- Generating functional, interactions and Feynman rulesTutorial04.04.2023 11:15, exercise
[PeskSchr] section 9.2
During the lecture and tutorial, there were several questions how to derive the symmetry factors and the Feynman rules directly from the path integral. The simple answer is of course, just expand up to the relevant order. However, this is not completely straightforward and requires a little bit care with combinatorics and Wick's theorem. Therefore, the detailed computation is attached for the propagator in theory. This hopefully helps to resolve the problem.
- Path integral for spin-1 bosons, ghost fieldsLecture18.04.2023 08:15, notesTutorial25.04.2023 11:15, exercise
[PeskSchr] section 9.4
In the second step of the Faddev-Popov procedure, we discussed during the lecture, we average over different gauge choices . We were using a Gaussian weight factor for this purpose, i.e.
At this point, the question: "Why do we use the Gaussian weight?". My answer: "Because we can compute it." Is correct, but one could also use any other weight function and, after much more work, would obtain the same result. There is a nice thread on Physics stack exchange discussion this issue.
- One loop effects in QED: field-strength renormalisation and self-energyTutorial09.05.2023 11:15, exercise
[PeskSchr] section 7.1
Please take a look at the details for the derivation of the spectral density function, which we did not have time to discuss in the lecture.
- The Callan-Symanzik equation and -functionsLecture30.05.2023 08:15, notesTutorial06.06.2023 11:15, exercise
[PresSchr] sections 12.2
During the lecture, we noted that the renoramlisation condition used for massless -theory is are quite different from what we used in lecture 10 (see section 7.2 of the notes). The major challenge here is that we are dealing with a massless theory and there is a prori no mass with we can use to introduce a renormalisation scale. To overcome this problem, an imaginary mass is used to fix the renormalisation conditions which holds the physical mass (the real part of ) fixed at zero.
- Gravity, quantum gravity, one-loop -functions of a two-dimensional -model and string theoryLecture07.03.2023 09:15, notesTutorial13.06.2023 11:15, exercise
- BRST symmetry, physical Hilbert spaceLecture15.06.2023 15:00
[PeskSchr] section 16.2-16.4
For computations we use Mathematica. It is a very powerful tool with unfortunately a quite high price for a license. Students can get a discount on licenses. If your budget is not sufficient for a student license, you can use the Wolfram Engine for Developers. After creating a Wolfram ID, it can be downloaded for free. The Wolfram Engine implements the Wolfram Language, which Mathematica is based on. But, it lacks the graphical notebook interface. Fortunately, some excellent free software called Jupyter Notebook fills the gap. Both can be connected with the help of Wolfram Language for Jupyter project on GitHub. Getting everything running might require a little bit of tinkering. But in the end, you get a very powerful computer algebra system for free. Finally, you should install LieART by following the "Manual Installation" instructions.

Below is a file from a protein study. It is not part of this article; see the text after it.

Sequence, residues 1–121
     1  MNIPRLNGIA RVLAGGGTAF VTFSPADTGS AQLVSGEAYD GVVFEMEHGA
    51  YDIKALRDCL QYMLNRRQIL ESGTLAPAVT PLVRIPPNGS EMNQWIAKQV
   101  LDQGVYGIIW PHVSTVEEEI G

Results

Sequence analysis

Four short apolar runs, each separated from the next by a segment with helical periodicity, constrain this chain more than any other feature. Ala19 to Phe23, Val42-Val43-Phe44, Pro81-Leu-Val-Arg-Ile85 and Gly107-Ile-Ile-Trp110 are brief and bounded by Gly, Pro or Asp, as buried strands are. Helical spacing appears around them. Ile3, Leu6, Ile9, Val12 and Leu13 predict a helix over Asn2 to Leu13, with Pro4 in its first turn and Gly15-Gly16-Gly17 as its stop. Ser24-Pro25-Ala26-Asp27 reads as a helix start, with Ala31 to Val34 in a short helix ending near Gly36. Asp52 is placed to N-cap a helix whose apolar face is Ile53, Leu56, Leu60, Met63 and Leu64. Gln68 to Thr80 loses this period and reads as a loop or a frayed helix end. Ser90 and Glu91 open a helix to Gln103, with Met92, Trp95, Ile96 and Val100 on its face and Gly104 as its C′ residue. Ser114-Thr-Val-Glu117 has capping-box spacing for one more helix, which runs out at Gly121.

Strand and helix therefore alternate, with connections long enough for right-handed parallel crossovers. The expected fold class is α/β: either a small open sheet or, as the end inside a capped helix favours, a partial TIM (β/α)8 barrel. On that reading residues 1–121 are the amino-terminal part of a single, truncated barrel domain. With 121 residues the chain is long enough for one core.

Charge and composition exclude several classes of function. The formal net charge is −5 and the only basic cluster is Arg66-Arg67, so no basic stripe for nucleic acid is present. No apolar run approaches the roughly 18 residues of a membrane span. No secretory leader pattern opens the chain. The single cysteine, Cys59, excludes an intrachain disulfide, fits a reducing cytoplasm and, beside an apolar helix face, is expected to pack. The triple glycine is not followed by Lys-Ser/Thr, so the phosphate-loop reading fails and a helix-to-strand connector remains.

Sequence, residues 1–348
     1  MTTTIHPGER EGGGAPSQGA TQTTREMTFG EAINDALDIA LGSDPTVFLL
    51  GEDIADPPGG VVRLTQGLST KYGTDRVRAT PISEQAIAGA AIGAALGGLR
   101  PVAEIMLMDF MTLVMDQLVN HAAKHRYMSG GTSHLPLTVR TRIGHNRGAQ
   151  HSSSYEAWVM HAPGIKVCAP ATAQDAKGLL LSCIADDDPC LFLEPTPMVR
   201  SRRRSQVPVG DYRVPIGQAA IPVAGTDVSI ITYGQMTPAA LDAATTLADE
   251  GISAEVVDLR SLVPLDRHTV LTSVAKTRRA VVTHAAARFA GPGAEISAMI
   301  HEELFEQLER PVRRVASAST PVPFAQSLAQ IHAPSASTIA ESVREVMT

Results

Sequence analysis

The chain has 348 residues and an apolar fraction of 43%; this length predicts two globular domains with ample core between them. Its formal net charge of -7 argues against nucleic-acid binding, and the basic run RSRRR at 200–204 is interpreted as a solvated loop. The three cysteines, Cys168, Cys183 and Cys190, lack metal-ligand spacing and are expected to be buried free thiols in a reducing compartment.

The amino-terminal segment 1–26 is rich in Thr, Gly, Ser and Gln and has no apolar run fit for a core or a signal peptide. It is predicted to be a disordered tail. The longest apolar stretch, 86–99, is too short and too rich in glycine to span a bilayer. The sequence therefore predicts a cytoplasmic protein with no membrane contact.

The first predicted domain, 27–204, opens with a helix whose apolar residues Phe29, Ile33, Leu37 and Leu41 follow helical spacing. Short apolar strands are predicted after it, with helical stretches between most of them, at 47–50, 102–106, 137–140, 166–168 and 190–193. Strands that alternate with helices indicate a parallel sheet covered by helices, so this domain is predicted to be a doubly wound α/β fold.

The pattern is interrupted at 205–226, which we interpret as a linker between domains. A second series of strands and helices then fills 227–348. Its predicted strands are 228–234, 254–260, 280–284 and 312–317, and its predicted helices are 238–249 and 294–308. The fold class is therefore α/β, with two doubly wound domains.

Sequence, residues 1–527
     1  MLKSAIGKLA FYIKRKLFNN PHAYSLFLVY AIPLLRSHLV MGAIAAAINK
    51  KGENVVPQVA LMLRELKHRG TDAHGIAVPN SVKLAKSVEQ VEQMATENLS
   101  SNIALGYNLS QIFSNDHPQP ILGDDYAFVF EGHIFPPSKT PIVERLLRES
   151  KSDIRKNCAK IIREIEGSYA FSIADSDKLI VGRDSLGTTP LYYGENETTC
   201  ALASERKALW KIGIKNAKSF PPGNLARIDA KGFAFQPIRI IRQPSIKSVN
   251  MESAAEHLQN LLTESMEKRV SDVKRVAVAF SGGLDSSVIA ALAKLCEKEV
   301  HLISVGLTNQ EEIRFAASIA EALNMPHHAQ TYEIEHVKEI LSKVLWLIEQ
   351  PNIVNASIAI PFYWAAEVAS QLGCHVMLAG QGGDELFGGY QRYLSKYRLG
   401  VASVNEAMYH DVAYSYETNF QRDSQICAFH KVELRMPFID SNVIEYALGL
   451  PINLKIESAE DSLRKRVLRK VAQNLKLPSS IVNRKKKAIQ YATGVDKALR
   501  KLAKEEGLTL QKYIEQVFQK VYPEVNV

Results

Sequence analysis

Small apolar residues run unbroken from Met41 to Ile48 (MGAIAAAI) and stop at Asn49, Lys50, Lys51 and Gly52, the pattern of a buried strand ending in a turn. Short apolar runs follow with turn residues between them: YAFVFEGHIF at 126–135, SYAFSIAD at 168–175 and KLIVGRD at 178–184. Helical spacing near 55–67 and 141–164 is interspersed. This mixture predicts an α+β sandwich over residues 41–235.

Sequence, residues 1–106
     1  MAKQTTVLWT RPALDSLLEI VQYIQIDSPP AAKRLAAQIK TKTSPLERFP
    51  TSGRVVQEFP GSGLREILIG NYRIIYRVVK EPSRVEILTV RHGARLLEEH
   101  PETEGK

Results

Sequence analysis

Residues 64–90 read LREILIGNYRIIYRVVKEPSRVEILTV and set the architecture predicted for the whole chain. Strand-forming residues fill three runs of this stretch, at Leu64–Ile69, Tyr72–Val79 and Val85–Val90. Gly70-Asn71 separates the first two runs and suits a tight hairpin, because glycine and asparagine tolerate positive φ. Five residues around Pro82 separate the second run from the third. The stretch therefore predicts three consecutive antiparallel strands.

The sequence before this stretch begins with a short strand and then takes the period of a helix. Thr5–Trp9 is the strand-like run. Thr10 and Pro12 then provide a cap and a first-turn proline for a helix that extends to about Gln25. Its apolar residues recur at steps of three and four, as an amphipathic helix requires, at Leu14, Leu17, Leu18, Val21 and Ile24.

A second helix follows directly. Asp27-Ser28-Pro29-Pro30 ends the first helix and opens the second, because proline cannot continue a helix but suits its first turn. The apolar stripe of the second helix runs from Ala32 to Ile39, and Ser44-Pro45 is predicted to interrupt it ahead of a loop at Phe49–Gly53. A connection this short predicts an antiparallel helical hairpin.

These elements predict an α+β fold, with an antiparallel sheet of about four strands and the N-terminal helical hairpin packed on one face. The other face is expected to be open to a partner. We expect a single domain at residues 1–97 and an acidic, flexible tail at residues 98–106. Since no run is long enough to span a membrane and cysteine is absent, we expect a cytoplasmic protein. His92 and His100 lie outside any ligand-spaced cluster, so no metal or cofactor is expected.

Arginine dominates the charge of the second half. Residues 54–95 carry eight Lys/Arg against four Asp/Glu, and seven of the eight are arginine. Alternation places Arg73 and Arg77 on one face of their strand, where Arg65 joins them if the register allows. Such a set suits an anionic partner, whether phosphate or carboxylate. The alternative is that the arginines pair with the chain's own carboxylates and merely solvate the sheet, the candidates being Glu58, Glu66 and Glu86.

Assignment of problems
Solving the exercise problems for a course is very important. It helps to practice the concepts and ideas introduced during the lecture, and you will also be graded for the solutions you present during the tutorials. But at the same time, one of the most annoying questions for the students and the lecturer is: "Who would like to present his solutions to the next problem?".
Therefore, we use the following system to assign students to problems based on their preferences:
- You need to log in with your USOS account (every student at the University of Wrocław should have one). To do so, click on the small closed door in the top left corner of this window and enter your credentials in the window which pops up. The first time you do this, you will be asked to give this website minimal access to your USOS profile.
- After a successful login, you can go to your course above and find the new link "manage" after each lecture with an exercise. If you do not see this link, check if you are logged in (the small closed door you clicked in the last step should be slightly open now). Second, verify that the course you are looking at is indeed your course. When the problem still persists, please get in touch with me.
- If you click "manage", you will find a list of all the problems that we discuss during the exercises. If problems have not yet been assigned to students, you can indicate your preferences by sorting this list. Entries on the top have the highest priority, while those at the bottom have the lowest. You sort them by drag&drop with either the mouse or your finger if you work with a touchscreen. Once this is done, do not forget to click the "Save" button at the bottom.
You can always come back later and revisit your choice or change it until the assignments are fixed. Once this happens, you will get an email and see the students' names to present the various problems. The backup candidate (the second name) should be ready to take over if required.
- Make sure you log out at the end of your session by clicking on the now slightly opened door you arleady used to login.
The assignments made by this system are binding. For every problem you present you can get up to three points. These points are added up and used at the end of the course to calculate your grade. If you cannot present an assigned problem, you will get zero points and put your backup on the spot. Therefore: Please prepare properly and in case of any emergencies, let us know timely. Backup candidates can earn extra points (up to 1.5) by presenting a problem. But they can also lose the same amount if they are not prepared.
Problems are assigned completely automatically after the criteria: Everybody in the course should present the same number of problems. The indicated preferences are taken into account. If several students have the same preferences, the one who submitted them the earliest wins. You do not have to submit any preferences at all. In this case, the system assumes that you do not care which problem you have to present.